|Publication number||US5002649 A|
|Application number||US 07/362,749|
|Publication date||Mar 26, 1991|
|Filing date||Jun 7, 1989|
|Priority date||Mar 28, 1988|
|Publication number||07362749, 362749, US 5002649 A, US 5002649A, US-A-5002649, US5002649 A, US5002649A|
|Inventors||Gary W. Smith|
|Original Assignee||Sifco Industries, Inc.|
|Export Citation||BiBTeX, EndNote, RefMan|
|Patent Citations (49), Referenced by (14), Classifications (16), Legal Events (5)|
|External Links: USPTO, USPTO Assignment, Espacenet|
This is continuation-in-part of application Ser. No. 174,431 filed Mar. 28, 1988, now U.S. Pat. No. 4,853,099, dated Aug. 1, 1989 which application is incorporated by reference herein as background information.
The invention is directed mainly to gap type electroplating as opposed to tank or bath plating wherein a remotely located anode, either consumable or non-consumable, is placed in a tank with a charged workpiece. Metal is plated onto all surfaces of the workpiece which are in the tank, in accordance with electrolysis technology. To plate only a selected surface in such a tank system, the workpiece must be masked, coated or otherwise shielded from the solution in the tank. Gap type electroplating involves a completely different concept. An anode is provided with a shape and surface generally matching the shape and selected surface of the workpiece being plated. Current flow between the anode and cathode is through a predetermined gap established by the geometry of the anode surface as it relates to the workpiece surface being plated. This type of plating, i.e. gap plating, can be accomplished in a tank and is often done in a plating tank; however, gap plating need not use a tank. It can be performed by directing a plating solution into the gap between the anode and cathode as a current is applied between these two electrodes as long as a closed fluid flow can be made through the gap. This type of gap plating is the main subject of the present invention.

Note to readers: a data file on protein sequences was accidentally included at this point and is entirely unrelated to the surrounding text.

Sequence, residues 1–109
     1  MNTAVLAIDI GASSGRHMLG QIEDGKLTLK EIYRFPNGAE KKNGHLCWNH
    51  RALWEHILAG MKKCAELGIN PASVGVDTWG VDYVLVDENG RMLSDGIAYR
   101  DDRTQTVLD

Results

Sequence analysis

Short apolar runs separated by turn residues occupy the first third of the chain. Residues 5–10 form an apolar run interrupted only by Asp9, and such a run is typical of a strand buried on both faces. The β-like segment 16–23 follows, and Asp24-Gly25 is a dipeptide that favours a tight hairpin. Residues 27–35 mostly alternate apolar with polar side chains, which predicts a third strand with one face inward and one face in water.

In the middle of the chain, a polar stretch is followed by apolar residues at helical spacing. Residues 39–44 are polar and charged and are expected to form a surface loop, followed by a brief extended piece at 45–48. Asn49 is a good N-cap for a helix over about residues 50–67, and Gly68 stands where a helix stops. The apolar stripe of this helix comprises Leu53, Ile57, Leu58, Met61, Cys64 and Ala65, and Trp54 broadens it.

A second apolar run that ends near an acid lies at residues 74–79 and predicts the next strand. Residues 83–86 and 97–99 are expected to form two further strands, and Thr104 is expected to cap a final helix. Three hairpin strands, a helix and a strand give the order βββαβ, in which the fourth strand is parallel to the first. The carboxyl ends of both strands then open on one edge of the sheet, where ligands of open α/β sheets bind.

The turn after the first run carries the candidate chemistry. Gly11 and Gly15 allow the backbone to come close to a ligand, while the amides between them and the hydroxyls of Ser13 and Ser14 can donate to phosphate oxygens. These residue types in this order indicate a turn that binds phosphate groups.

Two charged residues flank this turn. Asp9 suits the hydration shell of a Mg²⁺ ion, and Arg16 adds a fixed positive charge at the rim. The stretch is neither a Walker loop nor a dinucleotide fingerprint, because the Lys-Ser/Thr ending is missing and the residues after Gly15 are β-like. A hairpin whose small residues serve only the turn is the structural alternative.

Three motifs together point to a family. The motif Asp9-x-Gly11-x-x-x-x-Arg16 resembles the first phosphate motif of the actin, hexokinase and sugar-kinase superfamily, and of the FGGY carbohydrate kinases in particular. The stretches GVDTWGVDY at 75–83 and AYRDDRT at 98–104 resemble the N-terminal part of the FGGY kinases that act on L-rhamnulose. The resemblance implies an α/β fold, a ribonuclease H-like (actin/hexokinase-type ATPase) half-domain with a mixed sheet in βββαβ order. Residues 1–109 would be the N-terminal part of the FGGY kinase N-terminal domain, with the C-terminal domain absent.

Two examples of the closed circuit gap type plating, to which the present invention is directed, are shown in LaBoda U.S. Pat. No. 4,111,761 and Iemmi U.S. Pat. No. 4,441,976. A somewhat related tank type electroplating process is illustrated in Blanc U.S. Pat. No. 4,345,977. These three patents are incorporated by reference herein as background information since they do contain certain technical descriptions and structures which illustrate the background of the present invention.